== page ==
Memphis

Weather
Logo
Serving This Community For 136 Years, Online Since 2001
 Front Page
 News
 People
 Sports
 Obituaries
 Editorials
 Classifieds
 Subscription
 Calendar
 Community Links
Search
 
Community Calendar
Entire Newspaper Online
Would you use a digital subscription, which would place a .pdf copy of every page of the newspaper on line?

Yes, but only if it was free with my subscription.
No
Yes, even if it meant a slight increase in the cost of my subscription.
Yes, I don't subscribe to the paper, but would subscribe to this online version.

August 20, 2009

Local Resident Launches New Cemetery Service to Preserve Local History

Markers, monuments and memorials dot the countryside in at least 100 cemeteries in Scotland County alone. These gravestones mark the final resting place of thousands of former community members, maintaining their place in local history.

Memphis area resident Curt Bork recently embarked on a new business venture to help insure these commemorations withstand the test of time.

Bork’s venture, Cemetery Service, is offering cleaning, repair and conservation of historic gravestones, headstones and monuments.

Since relocating to Northeast Missouri a couple years ago, Curt has been searching for a new entrepreneurial activity.

“I have not drawn a corporate paycheck, other than those corporations that I’ve owned, since 1981, when I opened my first business venture, a medical electronics firm that specialized in the repair and remanufacture of medical x-ray devices,” Bork said.

That business was sold in 1996 to a group of East coast investors and since, Curt has dabbled in commercial real estate, antiques and collectibles (including eBay sales) and most recently the repair and restoration of vintage British sports cars.

Cemetery Services was born after Curt read a couple articles on the subject. That spurred some extensive online research that he carried over to the local level. Bork then attended workshops and seminars held by a nationally known “Gravestone Conservator” from Connecticut. Workshops were recently held in Liberty and Richmond, Missouri, the recent site of vandalism that damaged several hundred gravestones.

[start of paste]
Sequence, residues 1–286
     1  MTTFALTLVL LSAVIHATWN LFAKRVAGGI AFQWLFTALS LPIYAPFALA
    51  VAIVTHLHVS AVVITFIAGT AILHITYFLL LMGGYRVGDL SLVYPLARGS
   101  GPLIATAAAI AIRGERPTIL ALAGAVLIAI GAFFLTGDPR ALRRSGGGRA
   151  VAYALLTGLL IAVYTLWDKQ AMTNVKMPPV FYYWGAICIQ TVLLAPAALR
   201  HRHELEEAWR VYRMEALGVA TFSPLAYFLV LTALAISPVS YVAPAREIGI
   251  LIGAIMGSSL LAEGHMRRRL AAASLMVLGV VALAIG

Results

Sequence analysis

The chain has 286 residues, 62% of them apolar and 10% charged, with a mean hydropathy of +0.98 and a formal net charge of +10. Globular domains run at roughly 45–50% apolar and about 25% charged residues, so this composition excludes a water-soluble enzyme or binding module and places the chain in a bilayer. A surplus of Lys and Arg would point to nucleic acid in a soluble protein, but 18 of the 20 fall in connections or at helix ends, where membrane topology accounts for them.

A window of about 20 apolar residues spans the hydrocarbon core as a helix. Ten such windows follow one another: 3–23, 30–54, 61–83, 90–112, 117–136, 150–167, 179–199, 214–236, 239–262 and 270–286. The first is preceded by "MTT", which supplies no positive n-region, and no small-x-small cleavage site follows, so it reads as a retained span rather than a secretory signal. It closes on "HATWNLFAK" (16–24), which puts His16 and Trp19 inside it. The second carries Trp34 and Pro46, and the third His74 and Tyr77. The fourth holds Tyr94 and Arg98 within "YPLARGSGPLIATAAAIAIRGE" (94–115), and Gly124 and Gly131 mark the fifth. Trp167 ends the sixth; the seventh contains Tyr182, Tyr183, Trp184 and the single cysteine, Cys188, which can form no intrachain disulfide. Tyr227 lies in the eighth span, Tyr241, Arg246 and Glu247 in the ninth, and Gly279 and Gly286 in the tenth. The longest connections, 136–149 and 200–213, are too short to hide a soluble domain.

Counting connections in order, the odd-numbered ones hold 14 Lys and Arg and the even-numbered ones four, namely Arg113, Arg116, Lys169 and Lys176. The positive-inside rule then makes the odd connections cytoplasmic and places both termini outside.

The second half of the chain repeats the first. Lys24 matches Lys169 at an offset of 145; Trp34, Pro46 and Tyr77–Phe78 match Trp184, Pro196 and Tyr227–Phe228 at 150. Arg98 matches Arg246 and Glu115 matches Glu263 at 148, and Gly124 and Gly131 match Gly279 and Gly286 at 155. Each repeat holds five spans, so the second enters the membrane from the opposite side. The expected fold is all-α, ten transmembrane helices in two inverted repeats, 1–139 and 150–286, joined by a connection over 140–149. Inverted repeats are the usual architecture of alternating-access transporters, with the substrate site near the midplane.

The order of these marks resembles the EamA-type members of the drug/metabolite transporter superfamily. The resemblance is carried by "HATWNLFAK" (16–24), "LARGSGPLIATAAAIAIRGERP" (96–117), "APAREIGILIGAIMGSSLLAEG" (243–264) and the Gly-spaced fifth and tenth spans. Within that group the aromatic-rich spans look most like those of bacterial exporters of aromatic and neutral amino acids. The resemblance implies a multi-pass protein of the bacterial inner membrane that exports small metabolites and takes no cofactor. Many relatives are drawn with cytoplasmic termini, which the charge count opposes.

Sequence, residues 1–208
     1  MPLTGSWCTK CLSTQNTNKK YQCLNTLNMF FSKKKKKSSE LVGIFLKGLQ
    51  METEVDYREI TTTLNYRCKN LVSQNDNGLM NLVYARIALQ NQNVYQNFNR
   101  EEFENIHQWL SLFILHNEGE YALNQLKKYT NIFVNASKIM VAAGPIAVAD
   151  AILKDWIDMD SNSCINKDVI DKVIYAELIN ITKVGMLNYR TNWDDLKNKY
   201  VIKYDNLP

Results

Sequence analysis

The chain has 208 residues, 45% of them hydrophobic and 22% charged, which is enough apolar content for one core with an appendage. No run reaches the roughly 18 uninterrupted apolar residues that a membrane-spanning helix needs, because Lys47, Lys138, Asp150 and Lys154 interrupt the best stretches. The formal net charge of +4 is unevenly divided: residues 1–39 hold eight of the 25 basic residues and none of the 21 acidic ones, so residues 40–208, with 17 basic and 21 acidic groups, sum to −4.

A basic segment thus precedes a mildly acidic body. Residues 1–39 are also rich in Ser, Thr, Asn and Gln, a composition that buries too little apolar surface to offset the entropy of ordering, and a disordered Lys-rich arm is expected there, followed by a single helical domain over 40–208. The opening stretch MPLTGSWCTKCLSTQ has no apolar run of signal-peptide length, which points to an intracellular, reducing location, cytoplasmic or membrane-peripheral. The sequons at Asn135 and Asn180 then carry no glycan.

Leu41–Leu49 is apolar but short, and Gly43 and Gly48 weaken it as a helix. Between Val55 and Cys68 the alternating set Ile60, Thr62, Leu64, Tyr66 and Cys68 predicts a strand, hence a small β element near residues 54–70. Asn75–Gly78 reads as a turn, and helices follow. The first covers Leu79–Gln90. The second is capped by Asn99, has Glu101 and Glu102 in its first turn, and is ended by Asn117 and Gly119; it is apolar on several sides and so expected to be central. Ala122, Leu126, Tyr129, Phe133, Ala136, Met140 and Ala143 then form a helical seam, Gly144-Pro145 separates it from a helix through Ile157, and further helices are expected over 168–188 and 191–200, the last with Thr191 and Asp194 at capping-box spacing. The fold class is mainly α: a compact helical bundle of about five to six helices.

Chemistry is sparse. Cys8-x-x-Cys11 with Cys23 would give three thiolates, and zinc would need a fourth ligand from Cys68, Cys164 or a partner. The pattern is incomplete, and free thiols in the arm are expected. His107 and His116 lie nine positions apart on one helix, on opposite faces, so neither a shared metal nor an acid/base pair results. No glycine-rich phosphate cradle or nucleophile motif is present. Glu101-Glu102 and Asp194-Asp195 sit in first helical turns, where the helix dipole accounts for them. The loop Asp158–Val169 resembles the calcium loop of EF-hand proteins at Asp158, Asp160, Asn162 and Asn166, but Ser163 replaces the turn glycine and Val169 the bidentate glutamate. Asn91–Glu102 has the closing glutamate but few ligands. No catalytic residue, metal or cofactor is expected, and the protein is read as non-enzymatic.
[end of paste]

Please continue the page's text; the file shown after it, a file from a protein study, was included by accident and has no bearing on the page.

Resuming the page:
“Time will tell,” Bork said, “but this venture will attempt to provide a niche service to descendants, family members and cemetery management personnel.”

Curt notes that genealogy has always spurred activity in cemeteries. When family members travel to cemeteries doing research, they often desire to improve the appearance of the monuments or markers in an effort to conserve what remains of their ancestor’s memorial.

“I realize I’m not the only entity offering this type of service in the area,” Bork said. “But I’m the only business offering this as a primary service as opposed to a sideline to other ventures.”

Bork’s past business ventures have all centered around service and providing customers with quality and value for their money, on a timely basis.

With Cemetery Service, Bork will be rolling up his sleeves and getting dirty, since the bulk of the job entails physical labor, requiring specialized tooling and equipment for rigging, lifting and repositioning of the heavier monuments when foundation work is required.

“It’s not rocket science, but careful analysis and preplanning of each situation is required,” Bork said. “All excavation for foundations is manually done with shovels due to most cemetery layouts precluding power equipment accessibility.”

Bork recommends starting the process with a risk assessment. Markers and monuments that are tilted/leaning, not only are unsightly and complicate mowing operations, they pose distinct hazards to visitors and maintenance personnel. Several incidents over the past few years have occurred when markers have toppled from high winds, children playing on or near them or inadvertent mowing machine collisions. Serious injury and death have been the result.

He points out that no two monuments are the same, varying in initial installation (which could be 150 years ago), terrain characteristics, drainage and soil conditions of the cemetery, and material/construction of the marker.

Not all markers will require a “below frost line” new foundation. Some do, and certainly the larger monuments would require that approach for permanence. However a smaller marker or flat stone that has began to tilt or has shifted can often be restored plumb and sound by much less extensive and less costly means.

Multiple piece markers (stacked stones) should have their structural integrity restored through the use of masonry specific structural adhesives and monument setting compounds. Previous cement-type mortars can usually be improved upon with modern epoxy adhesives, when applied correctly.

Bork explains that conservation is a term applied to maintaining the material and gravestone in its present condition. Restoration could involve attempting to make them look “new” again, as in re-cutting inscriptions.

He noted that very little restoration is done or recommended. Any new cuts or resurfacing of an old stone will remove the aged patina on the surface, exposing pores that can often contribute to much more rapid deterioration in today’s harsh environment.

Similarly, modern cleaning techniques can also ultimately cause more harm than good. Typical household cleaners such as bleach, ammonia, pressure washing and sandblasting all can cause long-term damage to the stones.

For more information on Cemetery Services, offered by NEMO Services LLC, Curt Bork, owner, or for a no cost, no obligation quote you can call 660.945.3919 or 660.342.3485, e-mail at xpag@nemr.net or send mail to RR 1 Box 128B, Memphis MO 63555.


Copyright © 2001
Memphis Democrat
121 South Main Street
Memphis MO 63555
Phone: 660-465-7016 -- Email: memdemocrat@nemr.net